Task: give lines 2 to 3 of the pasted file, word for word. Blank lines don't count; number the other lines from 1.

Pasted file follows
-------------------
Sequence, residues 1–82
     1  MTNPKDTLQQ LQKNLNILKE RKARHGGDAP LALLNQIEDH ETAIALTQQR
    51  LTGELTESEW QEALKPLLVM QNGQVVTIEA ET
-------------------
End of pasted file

     1  MTNPKDTLQQ LQKNLNILKE RKARHGGDAP LALLNQIEDH ETAIALTQQR
    51  LTGELTESEW QEALKPLLVM QNGQVVTIEA ET